While unexposed to such toxins, not all of the century-old wood dredged up from the lake bottom is in ship shape. Maine Heritage culls the logs for a variety of products and, for those that don’t make the cut into flooring, furniture or wainscoting, it’s on to the pulp mill or biomass boiler.
The wood that’s recovered from the lake bottom in many ways dictates what, and how much, can be made.
In the company’s wood shop, where craftsmen Shenon Parker and Jim Ewing have been at work since October, a small storage room holds some of the treasures that have been fashioned from the sunken logs, like a $5,000 table made of beech wood.
“When this is done, I don’t know if I’m ever going to find another piece of beech,” Shafer says.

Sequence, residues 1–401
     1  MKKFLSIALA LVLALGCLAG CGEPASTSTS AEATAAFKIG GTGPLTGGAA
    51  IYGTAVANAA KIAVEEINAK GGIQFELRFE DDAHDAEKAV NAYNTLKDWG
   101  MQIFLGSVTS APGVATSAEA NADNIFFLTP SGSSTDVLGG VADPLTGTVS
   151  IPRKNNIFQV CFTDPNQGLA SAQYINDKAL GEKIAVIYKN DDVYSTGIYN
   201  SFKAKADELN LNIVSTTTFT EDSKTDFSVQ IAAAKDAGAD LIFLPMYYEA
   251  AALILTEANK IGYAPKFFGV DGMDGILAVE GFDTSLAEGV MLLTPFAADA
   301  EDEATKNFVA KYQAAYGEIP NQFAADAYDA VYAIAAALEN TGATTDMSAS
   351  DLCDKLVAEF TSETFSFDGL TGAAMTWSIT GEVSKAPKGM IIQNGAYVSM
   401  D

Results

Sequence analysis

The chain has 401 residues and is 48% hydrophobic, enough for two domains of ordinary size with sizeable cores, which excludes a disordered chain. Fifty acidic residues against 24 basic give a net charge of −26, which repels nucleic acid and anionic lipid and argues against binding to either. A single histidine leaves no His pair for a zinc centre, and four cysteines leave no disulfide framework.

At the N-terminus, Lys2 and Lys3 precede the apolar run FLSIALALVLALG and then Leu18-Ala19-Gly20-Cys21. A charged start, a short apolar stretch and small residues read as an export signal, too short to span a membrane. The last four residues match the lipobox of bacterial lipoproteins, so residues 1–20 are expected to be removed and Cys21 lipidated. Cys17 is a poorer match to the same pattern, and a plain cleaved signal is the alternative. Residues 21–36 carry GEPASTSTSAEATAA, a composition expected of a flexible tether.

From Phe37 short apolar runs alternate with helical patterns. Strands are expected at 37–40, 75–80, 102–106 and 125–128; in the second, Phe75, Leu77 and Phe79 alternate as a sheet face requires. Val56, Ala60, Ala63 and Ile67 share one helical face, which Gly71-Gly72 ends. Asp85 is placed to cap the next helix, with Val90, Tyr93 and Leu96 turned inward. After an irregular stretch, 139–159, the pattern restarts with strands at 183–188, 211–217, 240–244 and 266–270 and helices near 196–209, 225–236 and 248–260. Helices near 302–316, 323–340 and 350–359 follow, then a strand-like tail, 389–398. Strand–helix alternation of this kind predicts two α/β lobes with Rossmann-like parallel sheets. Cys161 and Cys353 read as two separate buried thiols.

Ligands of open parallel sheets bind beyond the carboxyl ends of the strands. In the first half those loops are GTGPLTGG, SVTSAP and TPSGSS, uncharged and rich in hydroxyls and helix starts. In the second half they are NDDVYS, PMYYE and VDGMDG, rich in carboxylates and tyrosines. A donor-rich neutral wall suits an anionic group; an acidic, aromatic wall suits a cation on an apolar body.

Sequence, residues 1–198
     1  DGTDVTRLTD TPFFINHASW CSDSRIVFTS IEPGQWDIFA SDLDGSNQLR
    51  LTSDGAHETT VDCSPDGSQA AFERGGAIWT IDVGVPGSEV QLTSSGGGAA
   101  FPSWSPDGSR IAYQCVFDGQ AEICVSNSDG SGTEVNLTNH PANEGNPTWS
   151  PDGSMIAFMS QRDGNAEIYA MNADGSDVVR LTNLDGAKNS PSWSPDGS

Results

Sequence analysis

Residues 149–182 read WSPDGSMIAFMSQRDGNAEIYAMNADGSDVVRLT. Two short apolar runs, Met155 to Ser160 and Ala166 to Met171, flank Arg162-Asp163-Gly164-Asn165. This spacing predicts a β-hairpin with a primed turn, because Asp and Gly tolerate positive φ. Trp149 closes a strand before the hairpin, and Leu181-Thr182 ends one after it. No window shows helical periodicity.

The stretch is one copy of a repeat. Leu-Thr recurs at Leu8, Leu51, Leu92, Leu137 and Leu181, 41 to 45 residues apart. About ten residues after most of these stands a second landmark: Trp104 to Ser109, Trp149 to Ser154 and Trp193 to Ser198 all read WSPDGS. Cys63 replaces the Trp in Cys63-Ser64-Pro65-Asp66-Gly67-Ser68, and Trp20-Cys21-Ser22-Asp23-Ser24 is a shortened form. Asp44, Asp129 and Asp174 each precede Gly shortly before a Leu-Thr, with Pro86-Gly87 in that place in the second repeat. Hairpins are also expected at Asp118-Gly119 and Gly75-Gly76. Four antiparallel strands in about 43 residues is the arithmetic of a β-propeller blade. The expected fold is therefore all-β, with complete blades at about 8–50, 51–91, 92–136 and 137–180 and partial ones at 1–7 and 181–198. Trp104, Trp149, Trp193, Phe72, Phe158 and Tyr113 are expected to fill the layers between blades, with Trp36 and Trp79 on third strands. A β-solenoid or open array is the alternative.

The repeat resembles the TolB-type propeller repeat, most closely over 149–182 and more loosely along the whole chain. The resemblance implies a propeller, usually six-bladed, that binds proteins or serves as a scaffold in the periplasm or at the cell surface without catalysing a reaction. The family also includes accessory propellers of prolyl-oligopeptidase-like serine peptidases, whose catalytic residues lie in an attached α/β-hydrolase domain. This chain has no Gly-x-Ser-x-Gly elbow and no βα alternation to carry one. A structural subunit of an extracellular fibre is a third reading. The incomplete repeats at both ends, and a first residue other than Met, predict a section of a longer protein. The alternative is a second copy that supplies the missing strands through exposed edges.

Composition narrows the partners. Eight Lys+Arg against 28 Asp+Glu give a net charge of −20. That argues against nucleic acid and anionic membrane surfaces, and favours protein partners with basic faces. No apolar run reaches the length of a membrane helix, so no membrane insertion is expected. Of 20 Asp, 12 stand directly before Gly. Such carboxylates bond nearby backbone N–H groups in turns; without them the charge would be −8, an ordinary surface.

Parker, who spent most of his woodworking career in a cabinet or carpentry shop, says he enjoys the challenge of the company’s custom work.
“What you build is dictated by the wood,” Parker says. “And you just can’t find this wood anywhere else.”
Rice, the wood scientist, concurs. The cold and oxygen-free lake environment preserves the wood and, when sawed, it can expose naturally occurring coloration that’s hard to find elsewhere, primarily because it takes centuries — and an element of circumstance — to happen.
“The only thing that’s consistent is the inconsistency of the patina in the wood,” Shafer says. “If you’re a homeowner and you say you want a blonde, maple floor, I’d say, ‘It’s really nice to meet you, but I can’t provide you with that.’”
Although his trek from Manhattan to Millinocket seems incongruous, Shafer has always been familiar with Maine’s North Woods. His grandfather, an engineer, came to Millinocket in the early 1900s to work on a dike on Ambajejus Lake for the original Great Northern Paper Co.